with the exam becoming harder the past few years. So is learning how to drive more difficult now? With my daughter now only 3 years away from being able to drive this got me thinking, how things have driving tests really changed?
There’s Not Always Been A Test
It’s a scary thought but there wasn’t even a requirement to pass a test until 1935, not only that but anyone could get behind the wheel at 17 and head out onto roads that had no speed limits! Things have changed since then – with more and more varied speed limits and traffic calming measures on the roads to consider this in my opinion can only be a good thing!
Another factor that makes learning how to driver harder now is the busy roads, with each year it seems that there are thousands more drivers on the road.
New drivers will have to deal with the stress of countless cars with them on the road while learning, making learning how to drive more stressful.
John Reid, an instructor with Queens Cross Driving School in Glasgow, told The Herald in Scotland: “You can definitely notice the difference on the roads in the last 20 years.
“There is so much more traffic now, which makes it harder to learn to drive. It also means drivers are taking longer to learn and pass their test.”
Heavy traffic can be a big factor in making it harder to learn to drive and so now, more than years ago, geography becomes a factor when considering how tough it is to learn to drive.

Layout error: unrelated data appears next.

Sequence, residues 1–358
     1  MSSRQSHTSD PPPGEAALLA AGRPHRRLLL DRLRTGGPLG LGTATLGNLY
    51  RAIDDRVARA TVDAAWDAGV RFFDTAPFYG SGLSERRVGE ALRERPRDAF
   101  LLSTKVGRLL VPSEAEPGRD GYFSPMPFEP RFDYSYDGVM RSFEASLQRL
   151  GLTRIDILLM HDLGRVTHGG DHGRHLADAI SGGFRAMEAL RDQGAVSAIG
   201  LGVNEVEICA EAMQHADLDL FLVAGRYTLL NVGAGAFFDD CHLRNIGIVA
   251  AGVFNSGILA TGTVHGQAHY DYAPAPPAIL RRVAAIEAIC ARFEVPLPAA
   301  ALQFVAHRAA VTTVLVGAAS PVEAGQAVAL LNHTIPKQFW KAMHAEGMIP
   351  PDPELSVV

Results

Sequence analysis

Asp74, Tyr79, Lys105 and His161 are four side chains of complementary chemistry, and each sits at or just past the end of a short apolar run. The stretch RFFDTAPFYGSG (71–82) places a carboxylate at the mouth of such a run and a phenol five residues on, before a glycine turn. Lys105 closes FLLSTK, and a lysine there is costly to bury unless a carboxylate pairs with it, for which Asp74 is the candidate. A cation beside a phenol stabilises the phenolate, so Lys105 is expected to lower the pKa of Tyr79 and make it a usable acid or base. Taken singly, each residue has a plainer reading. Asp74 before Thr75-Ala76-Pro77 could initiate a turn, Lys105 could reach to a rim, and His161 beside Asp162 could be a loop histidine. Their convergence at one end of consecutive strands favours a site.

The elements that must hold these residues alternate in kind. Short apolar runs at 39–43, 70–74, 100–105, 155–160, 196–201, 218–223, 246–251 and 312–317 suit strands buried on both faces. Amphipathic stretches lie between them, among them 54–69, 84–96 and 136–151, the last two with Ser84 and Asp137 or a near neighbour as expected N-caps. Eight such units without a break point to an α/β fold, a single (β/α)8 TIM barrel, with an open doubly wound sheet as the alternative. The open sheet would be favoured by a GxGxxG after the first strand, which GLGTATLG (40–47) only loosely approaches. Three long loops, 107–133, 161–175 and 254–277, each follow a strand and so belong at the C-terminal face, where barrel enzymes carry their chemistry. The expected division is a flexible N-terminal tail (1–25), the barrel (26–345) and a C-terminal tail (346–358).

Tougher Theory Test
Since 1996, learners have had to take a written test alongside their practical driving exam. Then, in 2007 the UK announced that driving theory tests would be tougher. Before, there were 35 multiple choice questions and people had to get 30 of those correct to pass. The changes meant upping the question count to 50, with 43 correct answers required to pass. According to the Driving Standards Agency, this aimed to boost the range of topics covered by the theory test, meaning learners had to have a better grasp of all parts of the theory and needed to revise more thoroughly. Steady changes since then have continued to make the test tougher and the pass rate has come down as a result.
Real Life Situations
Gone are the days when you could easily pass a driving test just by cruising down the road and listening to what your instructor says. In 2010, there was an announcement that drivers would need to deal with real life situations on the road while taking their practical driving test. That meant memorising journey instructions to mirror the way you’d have to remember where you were going once out on your own.
Tougher tests on tougher roads do mean that it’s pretty difficult to learn to drive these days. Still, there’s plenty of help at hand and learners need to use the resources effectively to get over the hurdles they face.
Disclaimer: This is a collaborative post